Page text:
Othello is perhaps the greatest work in the world. From what does it derive its power? From the clouds? From the ocean? From the mountains? Or from love strong as death, and jealousy cruel as the grave? What is it that we go forth to see in Hamlet? Is it a reed shaken with the wind? A small celandine? A bed of daffodils? Or is it to contemplate a mighty and wayward mind laid bare before us to the inmost recesses? It may perhaps be doubted whether the lakes and the hills are better fitted for the education of a poet than the dusky streets of a huge capital. Indeed, who is not tired to death with pure description of scenery? Is it not the fact, that external objects never strongly excite our feelings but, when they are contemplated in reference to man, as illustrating his destiny, or as influencing his character? The most beautiful object in the world, it will be allowed, is a beautiful woman. But who that can analyze his feelings is not sensible that she owes her fascination less to grace of outline and delicacy of colour, than to a thousand associations which, often unperceived by ourselves, connect those qualities with the source of our existence, with the nourishment of our in fancy, with the passions of our youth, with the hopes of our age, with elegance, with vivacity, with tenderness, with the strongest of natural instincts, with the dearest of social ties? To those who think thus, the insensibility of the Florentine poet to the, beauties of nature will not appear an unpardonable deficiency. On mankind no writer, with the exception of Shakespear, has looked with a more penetrating eye. I have said that his poetical character had derived a tinge from his peculiar temper. It is on the sterner and darker passions that he delights to dwell. All love, excepting, the half-mystic passion which he still felt for his buried Beatrice, had palled on the fierce and restless exile. The sad story of Rimini is almost a single exception. I know not whether it has been remarked, that, in one point, misanthropy seems to have affected his mind as it did that of Swift. Nauseous and revolting images seem to have had a fascination for his mind; and he repeatedly places before his readers, with all the energy of his incomparable style, the most loathsome objects of the sewer and the dissecting-room.
There is another peculiarity in the poem of Dante, which, I think, deserves notice. Ancient mythology has hardly ever been successfully interwoven with modern poetry. One class of writers have introduced the fabulous deities merely as allegorical representatives of love, wine, or wisdom. This necessarily renders their works tame and cold. We may sometimes admire their ingenuity but with what interest can we read of beings of whose personal existence the writer does not suffer us to entertain, for a moment, even a conventional belief? Even Spenser's allegory is scarcely tolerable, till we contrive to forget that Una signifies innocence, and consider her merely as an oppressed lady under the protection of a generous knight.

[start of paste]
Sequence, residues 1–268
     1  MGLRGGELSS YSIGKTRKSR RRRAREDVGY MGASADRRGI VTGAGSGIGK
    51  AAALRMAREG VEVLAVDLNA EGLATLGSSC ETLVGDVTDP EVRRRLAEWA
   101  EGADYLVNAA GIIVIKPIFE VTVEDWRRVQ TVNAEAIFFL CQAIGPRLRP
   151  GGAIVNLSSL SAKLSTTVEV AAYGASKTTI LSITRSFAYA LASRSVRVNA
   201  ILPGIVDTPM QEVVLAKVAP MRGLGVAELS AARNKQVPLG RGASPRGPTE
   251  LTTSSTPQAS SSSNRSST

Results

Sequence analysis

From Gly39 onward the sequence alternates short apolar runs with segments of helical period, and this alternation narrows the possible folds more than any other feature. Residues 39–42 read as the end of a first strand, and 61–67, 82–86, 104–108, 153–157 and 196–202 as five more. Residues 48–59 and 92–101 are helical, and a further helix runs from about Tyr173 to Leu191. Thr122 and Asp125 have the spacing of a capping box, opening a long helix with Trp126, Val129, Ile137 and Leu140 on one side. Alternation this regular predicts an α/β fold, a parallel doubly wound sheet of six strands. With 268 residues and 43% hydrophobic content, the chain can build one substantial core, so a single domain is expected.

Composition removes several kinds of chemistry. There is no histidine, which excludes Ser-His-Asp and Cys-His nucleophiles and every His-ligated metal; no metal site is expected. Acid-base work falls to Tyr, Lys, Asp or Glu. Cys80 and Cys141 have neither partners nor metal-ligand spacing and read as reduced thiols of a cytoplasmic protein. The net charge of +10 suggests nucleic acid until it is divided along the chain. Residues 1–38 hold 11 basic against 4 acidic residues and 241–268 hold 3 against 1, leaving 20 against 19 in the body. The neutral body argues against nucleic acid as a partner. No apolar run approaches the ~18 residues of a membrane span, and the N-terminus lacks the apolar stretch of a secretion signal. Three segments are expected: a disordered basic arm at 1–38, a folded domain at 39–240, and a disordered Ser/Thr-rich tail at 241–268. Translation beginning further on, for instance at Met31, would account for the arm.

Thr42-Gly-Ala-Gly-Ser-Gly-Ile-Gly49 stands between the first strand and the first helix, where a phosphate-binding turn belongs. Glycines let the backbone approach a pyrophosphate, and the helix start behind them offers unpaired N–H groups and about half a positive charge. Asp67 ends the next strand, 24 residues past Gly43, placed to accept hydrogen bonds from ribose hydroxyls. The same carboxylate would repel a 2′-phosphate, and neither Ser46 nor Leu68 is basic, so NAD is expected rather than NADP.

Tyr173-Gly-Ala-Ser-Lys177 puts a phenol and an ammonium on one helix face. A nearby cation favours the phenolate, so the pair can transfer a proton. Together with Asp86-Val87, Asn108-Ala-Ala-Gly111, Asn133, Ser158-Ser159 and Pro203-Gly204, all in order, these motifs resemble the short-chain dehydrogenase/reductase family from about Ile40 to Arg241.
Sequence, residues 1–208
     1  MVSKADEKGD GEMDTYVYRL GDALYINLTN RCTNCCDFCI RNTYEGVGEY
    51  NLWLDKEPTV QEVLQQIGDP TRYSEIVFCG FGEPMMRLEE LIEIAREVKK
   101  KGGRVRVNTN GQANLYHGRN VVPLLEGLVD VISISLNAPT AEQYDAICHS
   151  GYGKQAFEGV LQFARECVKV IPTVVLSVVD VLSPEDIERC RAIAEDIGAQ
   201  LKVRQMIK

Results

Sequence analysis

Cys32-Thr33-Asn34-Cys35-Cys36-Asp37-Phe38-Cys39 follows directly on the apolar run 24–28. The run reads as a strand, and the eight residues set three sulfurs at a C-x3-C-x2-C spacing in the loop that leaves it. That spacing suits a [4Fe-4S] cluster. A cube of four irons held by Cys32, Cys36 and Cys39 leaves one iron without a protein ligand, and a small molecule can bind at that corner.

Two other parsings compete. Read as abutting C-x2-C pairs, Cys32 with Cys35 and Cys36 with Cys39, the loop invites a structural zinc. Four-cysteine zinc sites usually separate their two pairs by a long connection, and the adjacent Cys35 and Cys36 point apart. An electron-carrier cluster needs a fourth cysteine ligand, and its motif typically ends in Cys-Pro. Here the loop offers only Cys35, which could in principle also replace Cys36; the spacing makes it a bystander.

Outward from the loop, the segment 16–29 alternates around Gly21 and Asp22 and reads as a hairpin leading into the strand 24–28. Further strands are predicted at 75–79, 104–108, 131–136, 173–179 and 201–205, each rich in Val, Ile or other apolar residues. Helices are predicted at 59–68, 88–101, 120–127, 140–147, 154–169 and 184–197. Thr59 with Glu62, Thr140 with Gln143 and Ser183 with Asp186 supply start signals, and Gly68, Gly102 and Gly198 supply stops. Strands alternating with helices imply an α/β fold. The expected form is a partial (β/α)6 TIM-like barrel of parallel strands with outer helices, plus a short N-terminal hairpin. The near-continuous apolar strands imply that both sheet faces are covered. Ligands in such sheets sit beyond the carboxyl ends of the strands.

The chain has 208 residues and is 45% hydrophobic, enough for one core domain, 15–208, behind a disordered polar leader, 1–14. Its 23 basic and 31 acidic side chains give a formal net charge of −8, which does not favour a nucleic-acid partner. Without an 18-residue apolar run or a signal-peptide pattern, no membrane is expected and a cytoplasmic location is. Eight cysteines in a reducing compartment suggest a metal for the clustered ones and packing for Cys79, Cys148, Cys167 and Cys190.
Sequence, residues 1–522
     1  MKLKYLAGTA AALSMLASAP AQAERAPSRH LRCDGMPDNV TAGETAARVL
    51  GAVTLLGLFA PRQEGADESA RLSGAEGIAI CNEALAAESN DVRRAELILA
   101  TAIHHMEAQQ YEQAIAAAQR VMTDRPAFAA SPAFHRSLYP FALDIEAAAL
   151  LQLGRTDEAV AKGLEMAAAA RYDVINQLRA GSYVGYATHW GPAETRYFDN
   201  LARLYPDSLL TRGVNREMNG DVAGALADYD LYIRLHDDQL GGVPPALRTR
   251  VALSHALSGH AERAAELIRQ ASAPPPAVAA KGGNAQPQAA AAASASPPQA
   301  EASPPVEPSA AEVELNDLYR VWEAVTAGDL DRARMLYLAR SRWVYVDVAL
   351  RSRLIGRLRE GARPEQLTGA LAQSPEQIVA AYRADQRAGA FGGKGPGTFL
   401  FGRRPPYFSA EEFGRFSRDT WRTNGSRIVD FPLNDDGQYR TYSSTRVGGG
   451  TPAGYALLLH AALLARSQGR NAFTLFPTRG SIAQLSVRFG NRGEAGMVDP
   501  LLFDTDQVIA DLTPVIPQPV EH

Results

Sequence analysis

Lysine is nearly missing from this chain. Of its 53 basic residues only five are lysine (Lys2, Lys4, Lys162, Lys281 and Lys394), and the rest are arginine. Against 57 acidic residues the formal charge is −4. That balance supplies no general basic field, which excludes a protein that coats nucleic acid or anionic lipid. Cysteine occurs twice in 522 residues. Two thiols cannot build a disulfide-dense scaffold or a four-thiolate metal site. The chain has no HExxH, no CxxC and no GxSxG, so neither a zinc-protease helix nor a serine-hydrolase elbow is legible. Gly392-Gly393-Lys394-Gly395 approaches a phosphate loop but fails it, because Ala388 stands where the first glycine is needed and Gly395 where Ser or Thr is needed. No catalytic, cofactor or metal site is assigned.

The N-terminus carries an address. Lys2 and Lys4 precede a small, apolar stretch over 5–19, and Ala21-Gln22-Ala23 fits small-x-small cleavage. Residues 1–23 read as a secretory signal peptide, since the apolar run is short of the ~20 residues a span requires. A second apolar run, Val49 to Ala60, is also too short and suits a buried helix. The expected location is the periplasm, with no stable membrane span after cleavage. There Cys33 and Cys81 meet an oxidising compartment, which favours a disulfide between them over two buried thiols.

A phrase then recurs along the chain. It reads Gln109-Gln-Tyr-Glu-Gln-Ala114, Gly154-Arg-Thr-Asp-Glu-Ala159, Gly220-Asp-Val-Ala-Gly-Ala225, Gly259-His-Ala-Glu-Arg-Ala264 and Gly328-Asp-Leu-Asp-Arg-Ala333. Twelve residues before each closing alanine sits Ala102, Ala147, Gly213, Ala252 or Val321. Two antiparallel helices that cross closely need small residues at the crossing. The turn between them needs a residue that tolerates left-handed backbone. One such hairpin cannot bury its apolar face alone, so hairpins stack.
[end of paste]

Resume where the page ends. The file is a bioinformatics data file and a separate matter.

Those writers who have, more judiciously, attempted to preserve the personality of the classical divinities have failed, from a different cause. They have been imitators, and imitators at a disadvantage. Euripides and Catullus believed in Bacchus and Cybele as little as we do. But they lived among men who did. Their imaginations, if not their opinions, took the colour of the age. Hence the glorious inspiration of the Bacchae and the Atys. Our minds are formed by circumstances; and I do not believe that it would be in the power of the greatest modern poet to lash himself up to a degree of enthusiasm adequate to the production of such works.
Dante alone, among the poets of later times, has been, in this respect, neither an allegorist nor an imitator; and, consequently, he alone has introduced the ancient fictions with effect. His Minos, his Charon, his Pluto, are absolutely terrific. Nothing can be more beautiful or original than the use which he has made of the river of Lethe. He has never assigned to his mythological characters any functions, inconsistent with the creed of the Catholic Church. He has related nothing concerning them which a good Christian of that age might not believe possible. On this account, there is nothing in these passages that appears puerile or pedantic. On the contrary, this singular use of classical names suggests to the mind a vague and awful idea of some mysterious revelation, anterior to all recorded history, of which the dispersed fragments might have been retained amidst the impostures and superstitions of later religions. Indeed the mythology of the Divine Comedy is of the elder and more colossal mould. It breathes the spirit of Homer and Aeschylus, not of Ovid and Claudian. . . .